Whatever your online need there is an app which can satisfy it, from the simple functional such as weather apps or currency converters, to the worryingly bizarre such as an app that can retrace your steps after and alcoholic blackout. The app environment keeps on driving up consumer demands with companies responding in kind to stay competitive.

Whereas first it was just necessary to have an app, some kind of presence on the app store, now an app needs to be the best and have the most features. This has fuelled an environment which explains why an internet casino such as Mr Green now features over 60+ mobile casino games on its app even though the average player is never likely to use more than 10 of those from his handset. Some online casinos like LeoVegas mobile casino are even "mobile first" - more geared towards mobile phones and tablet users than desktop or mac users.

Future Outlook

What is the future of apps? Many commentators point to a number of flaws in the current app system including its poor economy of scale, where each single app representing just one use website, game or function takes up a relatively large amount of real estate space. They envision a content index system, where apps will be grouped together and with content accessed more on a push based notification system. Other commentators see apps joined together, yelp to find a good restaurant connected to the restaurants app to order, a truly interconnected app environment instead of the silo based environment we currently have. It is possible Cryptocurrencies would have a positive effect on that.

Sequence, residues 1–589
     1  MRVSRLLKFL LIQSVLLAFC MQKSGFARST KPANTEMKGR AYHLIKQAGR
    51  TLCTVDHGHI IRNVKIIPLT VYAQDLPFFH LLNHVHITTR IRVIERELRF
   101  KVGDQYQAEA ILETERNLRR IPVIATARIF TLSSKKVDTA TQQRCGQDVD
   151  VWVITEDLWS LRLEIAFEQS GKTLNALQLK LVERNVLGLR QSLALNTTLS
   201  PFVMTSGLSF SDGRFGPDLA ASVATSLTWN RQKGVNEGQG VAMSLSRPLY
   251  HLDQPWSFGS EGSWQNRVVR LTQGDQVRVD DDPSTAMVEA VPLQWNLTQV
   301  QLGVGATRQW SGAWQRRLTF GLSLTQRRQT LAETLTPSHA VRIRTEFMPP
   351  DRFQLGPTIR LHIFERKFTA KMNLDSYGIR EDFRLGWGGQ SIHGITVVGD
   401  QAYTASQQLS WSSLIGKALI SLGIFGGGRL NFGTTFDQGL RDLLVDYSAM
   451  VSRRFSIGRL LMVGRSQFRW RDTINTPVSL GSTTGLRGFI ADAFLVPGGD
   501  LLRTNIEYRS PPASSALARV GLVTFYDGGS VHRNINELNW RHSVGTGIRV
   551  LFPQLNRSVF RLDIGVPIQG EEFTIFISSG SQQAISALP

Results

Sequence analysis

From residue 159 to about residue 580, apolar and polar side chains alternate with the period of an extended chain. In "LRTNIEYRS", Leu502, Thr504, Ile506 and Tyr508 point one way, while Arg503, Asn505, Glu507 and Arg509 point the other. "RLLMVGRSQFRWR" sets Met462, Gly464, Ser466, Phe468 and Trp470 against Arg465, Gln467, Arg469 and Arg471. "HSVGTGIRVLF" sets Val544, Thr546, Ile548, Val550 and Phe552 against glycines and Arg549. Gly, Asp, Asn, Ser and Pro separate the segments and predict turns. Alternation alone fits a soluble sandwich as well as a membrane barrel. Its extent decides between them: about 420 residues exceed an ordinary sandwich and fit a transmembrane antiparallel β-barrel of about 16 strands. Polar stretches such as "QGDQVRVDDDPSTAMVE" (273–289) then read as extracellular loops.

Whatever the future, one thing is for certain is that it won’t remain static, 30+ years took us from snake on the Motorola to the current app environment, the next 30 is set to be just as exciting.


  1. Superb i got some valuable tips from here. Really its a amazing article i had ever read. I hope it will help a lot for all. Thank you so much for this amazing posts and please keep update like this excellent article.

    Digital Marketing Training

  2. It's pretty helpful post! Thank's for your sharing and your tips!:)